Radiation Concerns in Fukushima

By Dr. Cormac G. Ryan

Hello everyone and welcome to our page on Fukushima and Radiation. There is a lot of information out there – both good and bad – about the current situation in Fukushima and it can be very difficult to make sense of it all or know what to believe. So we have made this page to show you plainly why Fukushima is safe! The following four sections will briefly cover all you need to know on Fukushima, the environment, food and radiation. We hope the information contained here will help put your fears to rest.

First off, let’s take a look at the wonderful place that is Fukushima prefecture. Home to almost 2 million people and roughly in the shape of Australia, Fukushima is the third largest prefecture in Japan and boasts scenic nature, bountiful agriculture and a friendly local populace. Major urban centres include Fukushima city in the north, Koriyama city in the centre and Aizuwakamatsu city in the west. Many other smaller cities and towns are scattered throughout the prefecture.

On the eastern edge of Fukushima prefecture, directly on the Pacific coast lies the Fukushima Daiichi Nuclear Power Plant. Infamous for being the location of the 2011 nuclear disaster following the Great East Japan Earthquake, the plant is now in a state of cold shutdown and provides employment for thousands of workers who are involved in containment and decommissioning activities (see TEPCO website for details).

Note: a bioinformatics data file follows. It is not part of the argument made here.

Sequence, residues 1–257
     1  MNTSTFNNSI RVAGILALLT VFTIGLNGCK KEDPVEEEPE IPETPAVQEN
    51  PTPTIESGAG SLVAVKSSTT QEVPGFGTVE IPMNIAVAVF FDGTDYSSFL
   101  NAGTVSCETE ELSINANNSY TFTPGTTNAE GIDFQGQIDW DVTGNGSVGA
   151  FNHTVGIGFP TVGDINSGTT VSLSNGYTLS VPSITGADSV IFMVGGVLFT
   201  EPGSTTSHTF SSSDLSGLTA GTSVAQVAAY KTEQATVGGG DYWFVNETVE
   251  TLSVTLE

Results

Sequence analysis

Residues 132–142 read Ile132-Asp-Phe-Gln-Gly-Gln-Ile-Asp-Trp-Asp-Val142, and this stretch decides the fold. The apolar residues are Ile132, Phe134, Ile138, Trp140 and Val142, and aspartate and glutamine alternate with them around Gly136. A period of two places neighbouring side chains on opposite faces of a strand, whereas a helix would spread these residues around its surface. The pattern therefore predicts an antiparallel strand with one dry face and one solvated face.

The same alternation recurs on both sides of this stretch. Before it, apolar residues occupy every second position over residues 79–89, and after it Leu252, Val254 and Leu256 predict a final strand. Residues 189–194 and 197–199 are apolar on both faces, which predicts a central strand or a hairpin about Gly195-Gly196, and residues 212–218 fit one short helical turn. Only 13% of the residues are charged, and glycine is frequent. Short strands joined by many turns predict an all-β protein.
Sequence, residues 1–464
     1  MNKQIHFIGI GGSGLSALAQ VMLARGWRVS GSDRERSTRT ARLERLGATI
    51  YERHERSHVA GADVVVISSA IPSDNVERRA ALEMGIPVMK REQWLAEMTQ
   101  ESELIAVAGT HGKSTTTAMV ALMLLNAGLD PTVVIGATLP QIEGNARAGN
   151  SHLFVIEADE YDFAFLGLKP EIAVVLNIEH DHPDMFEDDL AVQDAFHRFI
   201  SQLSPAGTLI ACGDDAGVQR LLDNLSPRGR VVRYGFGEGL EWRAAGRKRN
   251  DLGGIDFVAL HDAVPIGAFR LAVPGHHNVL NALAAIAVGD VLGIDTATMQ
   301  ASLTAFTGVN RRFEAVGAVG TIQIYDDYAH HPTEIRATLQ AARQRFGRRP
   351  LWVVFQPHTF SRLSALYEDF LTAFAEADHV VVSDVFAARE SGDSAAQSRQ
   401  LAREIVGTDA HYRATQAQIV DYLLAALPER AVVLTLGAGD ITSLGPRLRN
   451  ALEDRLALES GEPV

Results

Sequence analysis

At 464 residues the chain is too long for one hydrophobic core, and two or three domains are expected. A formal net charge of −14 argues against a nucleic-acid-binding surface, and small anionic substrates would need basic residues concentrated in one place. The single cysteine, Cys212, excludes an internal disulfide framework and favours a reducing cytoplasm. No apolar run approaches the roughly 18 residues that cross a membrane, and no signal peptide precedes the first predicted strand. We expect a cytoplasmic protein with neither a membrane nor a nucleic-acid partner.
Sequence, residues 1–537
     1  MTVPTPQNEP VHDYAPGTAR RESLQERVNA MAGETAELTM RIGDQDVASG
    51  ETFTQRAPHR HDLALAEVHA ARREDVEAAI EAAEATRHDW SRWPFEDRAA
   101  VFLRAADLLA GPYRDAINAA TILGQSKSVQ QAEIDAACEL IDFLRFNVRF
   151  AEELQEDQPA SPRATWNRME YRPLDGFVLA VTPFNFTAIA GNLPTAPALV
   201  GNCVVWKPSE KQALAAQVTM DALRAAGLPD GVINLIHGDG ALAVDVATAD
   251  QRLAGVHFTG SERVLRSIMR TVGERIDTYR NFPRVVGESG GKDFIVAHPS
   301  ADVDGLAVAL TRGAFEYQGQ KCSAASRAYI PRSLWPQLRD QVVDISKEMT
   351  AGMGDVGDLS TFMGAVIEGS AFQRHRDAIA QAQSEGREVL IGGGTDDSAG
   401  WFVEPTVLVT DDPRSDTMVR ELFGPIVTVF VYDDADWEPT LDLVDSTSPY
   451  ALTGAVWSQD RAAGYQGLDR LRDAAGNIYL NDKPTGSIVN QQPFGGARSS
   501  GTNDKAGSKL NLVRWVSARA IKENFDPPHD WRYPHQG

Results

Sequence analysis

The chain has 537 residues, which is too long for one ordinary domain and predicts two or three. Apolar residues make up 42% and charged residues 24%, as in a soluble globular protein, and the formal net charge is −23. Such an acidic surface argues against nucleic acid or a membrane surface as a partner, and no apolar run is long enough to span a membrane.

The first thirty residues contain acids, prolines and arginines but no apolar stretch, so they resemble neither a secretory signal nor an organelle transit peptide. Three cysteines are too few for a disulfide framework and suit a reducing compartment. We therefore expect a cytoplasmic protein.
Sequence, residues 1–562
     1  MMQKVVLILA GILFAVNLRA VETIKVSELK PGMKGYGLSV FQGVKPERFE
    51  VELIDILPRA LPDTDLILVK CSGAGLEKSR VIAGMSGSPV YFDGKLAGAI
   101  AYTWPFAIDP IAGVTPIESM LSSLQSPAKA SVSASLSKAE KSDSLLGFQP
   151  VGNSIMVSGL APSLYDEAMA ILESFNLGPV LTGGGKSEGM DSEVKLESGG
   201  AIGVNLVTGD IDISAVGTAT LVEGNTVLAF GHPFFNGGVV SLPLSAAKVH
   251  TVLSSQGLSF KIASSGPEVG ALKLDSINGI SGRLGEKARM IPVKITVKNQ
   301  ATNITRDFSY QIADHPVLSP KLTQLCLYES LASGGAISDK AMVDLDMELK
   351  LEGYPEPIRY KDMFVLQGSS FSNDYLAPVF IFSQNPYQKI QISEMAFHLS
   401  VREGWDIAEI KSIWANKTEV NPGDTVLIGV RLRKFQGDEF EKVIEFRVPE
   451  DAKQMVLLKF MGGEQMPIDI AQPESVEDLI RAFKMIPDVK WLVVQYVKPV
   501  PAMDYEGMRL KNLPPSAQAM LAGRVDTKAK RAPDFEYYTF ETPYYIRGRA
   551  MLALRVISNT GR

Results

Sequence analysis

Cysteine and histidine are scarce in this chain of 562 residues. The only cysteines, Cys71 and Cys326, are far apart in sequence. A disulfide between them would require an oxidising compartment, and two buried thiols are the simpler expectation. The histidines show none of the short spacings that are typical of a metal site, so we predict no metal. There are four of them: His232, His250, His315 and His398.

Figure 1: Map of Fukushima Prefecture showing major urban centres, the Daiichi NPP and the Difficult to return zone.

Extending north-west from Daiichi is a thin sliver of land known as the “difficult to return zone”. In this area, radiation levels are higher than what is considered safe for long-term exposure. As a result, former residents are not permitted to return to their homes, access is severely restricted and decontamination efforts are ongoing. This is the “Fukushima Ghost Town” area you will mostly read about online. However, at 248 km2 it occupies less than 2% of the total area of the prefecture. Everywhere else is clean and safe a full of people going about their daily business.